CANWEYE {  } (2016) is a single channel film presented with a fly-poster series and trailer. This expanded film is installed within a construction that recalls a sound recording booth, with glass viewing panel into the space of projection. Commissioned by Focal Point Gallery CANWEYE {  } presents the image of the film set between states of construction and deconstruction. Filmed on 16mm in Canvey Island, Essex and Venice, Italy, parallel architectural and geological sites signify another kind of set.

Canweye{ } (2016), courtesy of Focal Point Gallery

 At TACO! Frances will continue her interest in the site of film production to develop a new moving image work, Wendy, looking at the extraordinary work of pioneering composer and musician, Wendy Carlos. Carlos famously arranged the soundtrack for Stanley Kubrick’s 1971 adaptation of Anthony Burgess' 'A Clockwork Orange' (1962), in which several key scenes were shot on the Thamesmead estate, as well as 'The Shining' (1981). Carlos spearheaded developments on Moog Synthesiser and use of the Voice-Encoder (Vocoder), and Frances' research draws on this history, exploring the synthesised, un-bounded voice across fields of music, literature and film.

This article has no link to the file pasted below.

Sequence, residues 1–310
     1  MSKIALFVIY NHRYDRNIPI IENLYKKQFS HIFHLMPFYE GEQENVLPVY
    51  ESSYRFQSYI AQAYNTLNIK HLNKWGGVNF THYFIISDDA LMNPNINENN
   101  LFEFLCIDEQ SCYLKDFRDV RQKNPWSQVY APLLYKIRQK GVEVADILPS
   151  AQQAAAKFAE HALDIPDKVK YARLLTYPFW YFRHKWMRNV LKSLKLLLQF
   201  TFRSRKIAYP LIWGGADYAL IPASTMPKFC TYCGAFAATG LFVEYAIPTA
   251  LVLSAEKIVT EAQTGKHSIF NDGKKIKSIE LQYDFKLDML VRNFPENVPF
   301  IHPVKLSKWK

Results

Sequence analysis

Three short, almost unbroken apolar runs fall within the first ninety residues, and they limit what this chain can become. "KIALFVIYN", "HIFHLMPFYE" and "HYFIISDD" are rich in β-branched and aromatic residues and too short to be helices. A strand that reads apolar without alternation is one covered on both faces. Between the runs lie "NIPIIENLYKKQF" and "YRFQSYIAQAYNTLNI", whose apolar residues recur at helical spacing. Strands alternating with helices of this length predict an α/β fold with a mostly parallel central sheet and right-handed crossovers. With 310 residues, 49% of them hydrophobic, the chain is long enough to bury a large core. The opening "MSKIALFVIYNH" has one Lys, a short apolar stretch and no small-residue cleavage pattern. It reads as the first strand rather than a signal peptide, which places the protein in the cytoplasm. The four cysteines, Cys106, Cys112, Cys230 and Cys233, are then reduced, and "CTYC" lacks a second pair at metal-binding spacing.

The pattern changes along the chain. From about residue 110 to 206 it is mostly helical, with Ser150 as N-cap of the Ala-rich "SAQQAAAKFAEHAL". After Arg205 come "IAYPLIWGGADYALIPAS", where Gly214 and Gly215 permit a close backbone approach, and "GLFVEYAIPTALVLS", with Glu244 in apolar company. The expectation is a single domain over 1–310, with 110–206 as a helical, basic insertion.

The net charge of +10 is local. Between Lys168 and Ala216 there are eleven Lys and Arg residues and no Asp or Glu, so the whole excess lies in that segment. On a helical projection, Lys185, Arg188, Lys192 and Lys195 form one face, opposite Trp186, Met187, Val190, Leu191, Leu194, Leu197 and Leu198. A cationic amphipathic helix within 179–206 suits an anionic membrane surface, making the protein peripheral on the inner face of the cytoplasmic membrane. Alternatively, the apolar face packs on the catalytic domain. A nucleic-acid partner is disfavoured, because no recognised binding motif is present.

In the development and production of Wendy Frances will work with a number of collaborators including musician Tom Richards and his handmade music synthesiser-sequencer 'Mini-Oramics' (designed in 1976 but never realised by electronic music pioneer Daphne Oram), as well as dancer and performer Valentina Formenti, using volumetric filmmaking and three-dimensional modelling techniques.

She will also continue her ongoing collaboration with sound designer Chu-Li Shewring, who she worked with on Incantation, Wendy (2018) a recorded broadcast for radio, commissioned by TACO! and first presented on RTM.FM.